Need help getting started? Check out this step-by-step guide on how to read more.
“Gratefulness is a higher organ of perception, through which you can accurately appreciate a fundamental truth: the universe works in mysterious ways, and you’re the constant beneficiary of its generosity.”
– Phil Stutz
Practicing gratitude teaches us to love the life we have while in pursuit of the life we want.
It’s human nature to compare ourselves to those who have more than us. But, when we realize the simple miracles of everyday life (e.g. access to clean water, the ability to walk, a warm bed to sleep in, etc.), it puts things in perspective.
The power of gratitude has been demonstrated in multiple studies. Here’s one that I like in particular:
Researchers brought participants into a lab and asked them to write a few sentences each week focused on a particular topic. One group wrote about the things they were grateful for while the other wrote about daily irritations or things that displeased them.
After about 10 weeks, the participants that wrote down what they were grateful for were more optimistic, felt better about their lives, exercised more and visited their physicians less.
Practicing gratitude literally changes your brain and makes you a happier and more fulfilled person. Make it a habit to write down 5 things that you’re grateful for every single day.
“Since I’ve started intermittent fasting I’ve increased muscle mass, decreased body fat, increased explosiveness, and decreased the amount of time I’ve spent training.”
– James Clear
This habit might come as a shock to you. After all, we’ve all heard that breakfast is the most important meal of the day. This idea, however, is quickly being laid to rest as the benefits of intermittent fasting have become too many to ignore.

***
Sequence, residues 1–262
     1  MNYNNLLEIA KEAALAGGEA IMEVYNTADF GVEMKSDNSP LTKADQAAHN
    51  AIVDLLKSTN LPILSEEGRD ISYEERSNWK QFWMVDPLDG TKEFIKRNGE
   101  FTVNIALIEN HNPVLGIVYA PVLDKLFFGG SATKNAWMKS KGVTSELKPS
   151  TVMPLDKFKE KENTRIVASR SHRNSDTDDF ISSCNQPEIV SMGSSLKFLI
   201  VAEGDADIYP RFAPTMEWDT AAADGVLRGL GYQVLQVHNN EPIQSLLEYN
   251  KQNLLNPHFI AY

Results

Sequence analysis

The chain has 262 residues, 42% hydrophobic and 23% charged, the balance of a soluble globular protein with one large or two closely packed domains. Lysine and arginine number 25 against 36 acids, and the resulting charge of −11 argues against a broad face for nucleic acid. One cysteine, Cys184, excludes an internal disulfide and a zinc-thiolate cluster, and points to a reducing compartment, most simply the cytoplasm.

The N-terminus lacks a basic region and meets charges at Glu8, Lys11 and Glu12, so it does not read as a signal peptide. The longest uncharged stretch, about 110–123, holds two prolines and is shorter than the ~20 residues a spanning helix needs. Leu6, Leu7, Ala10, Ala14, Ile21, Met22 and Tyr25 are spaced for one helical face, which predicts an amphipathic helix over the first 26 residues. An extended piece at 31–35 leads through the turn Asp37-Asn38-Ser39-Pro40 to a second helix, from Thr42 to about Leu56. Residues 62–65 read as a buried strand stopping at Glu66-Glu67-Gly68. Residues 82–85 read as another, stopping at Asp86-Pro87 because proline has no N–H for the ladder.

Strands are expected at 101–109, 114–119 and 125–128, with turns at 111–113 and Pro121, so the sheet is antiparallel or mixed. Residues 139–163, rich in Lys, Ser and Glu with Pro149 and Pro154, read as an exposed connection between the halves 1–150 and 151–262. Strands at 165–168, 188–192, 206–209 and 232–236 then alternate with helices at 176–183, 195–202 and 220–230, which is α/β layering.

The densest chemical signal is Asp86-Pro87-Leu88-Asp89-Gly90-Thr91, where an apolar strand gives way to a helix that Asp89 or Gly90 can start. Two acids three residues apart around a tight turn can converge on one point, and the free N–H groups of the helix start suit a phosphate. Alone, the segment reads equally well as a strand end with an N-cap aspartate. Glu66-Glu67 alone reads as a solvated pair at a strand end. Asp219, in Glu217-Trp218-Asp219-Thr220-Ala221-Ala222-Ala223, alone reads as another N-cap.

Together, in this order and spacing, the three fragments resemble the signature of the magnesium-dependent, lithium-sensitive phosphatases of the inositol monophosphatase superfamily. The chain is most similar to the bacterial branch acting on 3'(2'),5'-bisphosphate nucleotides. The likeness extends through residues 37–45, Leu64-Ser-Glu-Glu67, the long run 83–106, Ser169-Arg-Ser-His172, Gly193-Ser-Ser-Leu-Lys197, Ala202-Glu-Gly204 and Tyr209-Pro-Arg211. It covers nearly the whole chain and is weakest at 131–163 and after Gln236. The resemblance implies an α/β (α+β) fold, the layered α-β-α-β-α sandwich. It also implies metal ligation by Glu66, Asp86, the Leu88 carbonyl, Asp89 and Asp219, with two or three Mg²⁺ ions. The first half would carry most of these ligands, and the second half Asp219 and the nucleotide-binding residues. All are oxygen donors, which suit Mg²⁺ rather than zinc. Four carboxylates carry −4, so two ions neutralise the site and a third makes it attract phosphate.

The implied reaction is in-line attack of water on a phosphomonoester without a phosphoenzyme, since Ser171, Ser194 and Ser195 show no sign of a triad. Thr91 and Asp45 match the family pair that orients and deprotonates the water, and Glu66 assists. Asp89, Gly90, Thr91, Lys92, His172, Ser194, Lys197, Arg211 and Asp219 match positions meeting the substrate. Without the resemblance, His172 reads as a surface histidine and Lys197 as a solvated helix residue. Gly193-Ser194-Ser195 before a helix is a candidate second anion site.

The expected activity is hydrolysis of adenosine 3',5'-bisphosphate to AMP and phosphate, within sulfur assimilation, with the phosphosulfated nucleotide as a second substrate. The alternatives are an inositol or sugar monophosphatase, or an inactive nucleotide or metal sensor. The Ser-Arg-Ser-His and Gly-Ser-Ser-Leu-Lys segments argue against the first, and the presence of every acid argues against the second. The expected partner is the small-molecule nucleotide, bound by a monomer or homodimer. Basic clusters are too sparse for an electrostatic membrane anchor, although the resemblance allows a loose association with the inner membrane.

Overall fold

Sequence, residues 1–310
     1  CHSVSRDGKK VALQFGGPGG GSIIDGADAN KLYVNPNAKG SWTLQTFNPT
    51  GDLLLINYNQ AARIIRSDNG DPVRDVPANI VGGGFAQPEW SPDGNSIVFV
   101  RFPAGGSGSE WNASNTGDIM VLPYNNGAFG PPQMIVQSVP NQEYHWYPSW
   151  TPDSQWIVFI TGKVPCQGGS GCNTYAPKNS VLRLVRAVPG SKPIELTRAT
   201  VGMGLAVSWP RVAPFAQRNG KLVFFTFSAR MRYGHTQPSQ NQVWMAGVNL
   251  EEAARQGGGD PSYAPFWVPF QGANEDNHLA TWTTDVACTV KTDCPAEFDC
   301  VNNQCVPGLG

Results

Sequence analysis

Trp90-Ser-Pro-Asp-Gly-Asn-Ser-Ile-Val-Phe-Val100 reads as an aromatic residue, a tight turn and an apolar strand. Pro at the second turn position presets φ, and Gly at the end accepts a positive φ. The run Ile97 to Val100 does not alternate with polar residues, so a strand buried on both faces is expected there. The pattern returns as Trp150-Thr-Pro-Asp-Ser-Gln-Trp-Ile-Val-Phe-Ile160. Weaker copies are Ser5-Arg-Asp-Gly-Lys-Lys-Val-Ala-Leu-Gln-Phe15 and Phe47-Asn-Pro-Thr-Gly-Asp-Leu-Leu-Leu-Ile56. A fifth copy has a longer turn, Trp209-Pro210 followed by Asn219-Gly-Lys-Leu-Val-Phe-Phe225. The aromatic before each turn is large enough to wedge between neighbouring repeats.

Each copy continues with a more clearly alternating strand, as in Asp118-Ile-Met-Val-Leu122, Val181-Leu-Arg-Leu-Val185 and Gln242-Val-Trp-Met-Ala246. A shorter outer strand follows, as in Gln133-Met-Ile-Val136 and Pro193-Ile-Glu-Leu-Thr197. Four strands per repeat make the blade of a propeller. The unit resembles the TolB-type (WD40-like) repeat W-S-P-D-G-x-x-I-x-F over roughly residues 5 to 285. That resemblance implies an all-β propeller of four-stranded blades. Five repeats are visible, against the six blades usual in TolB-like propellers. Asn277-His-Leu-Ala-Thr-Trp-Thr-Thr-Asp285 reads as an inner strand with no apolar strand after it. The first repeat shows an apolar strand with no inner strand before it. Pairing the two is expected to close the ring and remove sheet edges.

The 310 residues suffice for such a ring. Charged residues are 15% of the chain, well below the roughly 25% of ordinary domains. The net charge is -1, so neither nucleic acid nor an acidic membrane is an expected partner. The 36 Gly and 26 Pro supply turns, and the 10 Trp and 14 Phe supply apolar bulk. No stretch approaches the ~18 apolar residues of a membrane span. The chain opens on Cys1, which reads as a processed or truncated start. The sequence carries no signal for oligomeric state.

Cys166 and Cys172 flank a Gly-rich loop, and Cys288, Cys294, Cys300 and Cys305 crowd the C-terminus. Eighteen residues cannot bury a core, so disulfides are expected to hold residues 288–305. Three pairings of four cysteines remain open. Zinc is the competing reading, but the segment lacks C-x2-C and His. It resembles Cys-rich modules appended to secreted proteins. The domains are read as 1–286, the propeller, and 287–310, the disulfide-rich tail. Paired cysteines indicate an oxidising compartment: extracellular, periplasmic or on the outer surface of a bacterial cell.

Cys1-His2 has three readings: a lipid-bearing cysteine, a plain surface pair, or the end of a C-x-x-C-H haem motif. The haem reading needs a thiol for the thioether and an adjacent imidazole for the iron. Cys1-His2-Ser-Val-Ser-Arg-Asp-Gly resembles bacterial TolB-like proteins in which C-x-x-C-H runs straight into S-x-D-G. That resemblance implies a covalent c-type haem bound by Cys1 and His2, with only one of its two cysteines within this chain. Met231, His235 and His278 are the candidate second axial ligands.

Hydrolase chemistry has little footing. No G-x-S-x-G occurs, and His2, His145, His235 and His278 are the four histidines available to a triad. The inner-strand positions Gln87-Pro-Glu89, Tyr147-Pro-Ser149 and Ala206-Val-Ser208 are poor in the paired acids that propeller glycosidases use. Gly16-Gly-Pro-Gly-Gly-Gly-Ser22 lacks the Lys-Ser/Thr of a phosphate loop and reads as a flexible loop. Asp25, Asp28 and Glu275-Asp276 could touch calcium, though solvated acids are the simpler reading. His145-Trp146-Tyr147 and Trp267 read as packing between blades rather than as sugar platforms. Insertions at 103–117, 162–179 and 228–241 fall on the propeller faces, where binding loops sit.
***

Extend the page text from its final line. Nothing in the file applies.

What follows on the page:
Did you know that digestion is actually one of your body’s most complicated and intensive functions? That’s right.
By skipping breakfast, you extend your overnight fast and allow your body to focus its resources on other important tasks, like controlling blood sugar and facilitating cellular recovery.
Furthermore, a short-term fast can boost testosterone and growth hormone levels. These two factors can seriously enhance your progress when trying to lean down.
Intermittent fasting (IF) is not a diet. It is a pattern of eating. To get started with IF, you only have to follow one rule:
Eat within a 6-8 hour window.
So, if you wake up at 8 a.m., simply skip breakfast and have your first meal between 12-2 p.m. Have your final meal between 8-10 p.m. It’s as simple as that. For a more intensive resource for, you can check out James Clear’s guide.
Since adopting IF, my productivity has also shot up. My body is not involved in digestion and I find myself more focused on work. By the time I have my first meal, I’ve already gotten so much work done that the rest of the day is pretty much just a bonus.
Make Your Bed
“If you want to change the world, start off by making your bed.”
– U.S. Navy Adm. William H. McCraven
Making your bed in the morning will set the tone for the rest of your day. As the first task of the day, it will set the momentum for your next set of tasks. By the end of the day, it will be like a domino effect that has carried over.
As McCraven mentions in his University of Texas commencement speech:
“Making your bed will reinforce the fact that the little things in life matter. If you can’t do the little things right, you’ll never be able to do the big things right. And, if by chance you have a miserable day, you will come home to a bed that is made – that you made. And a made bed gives you encouragement that tomorrow will be better.”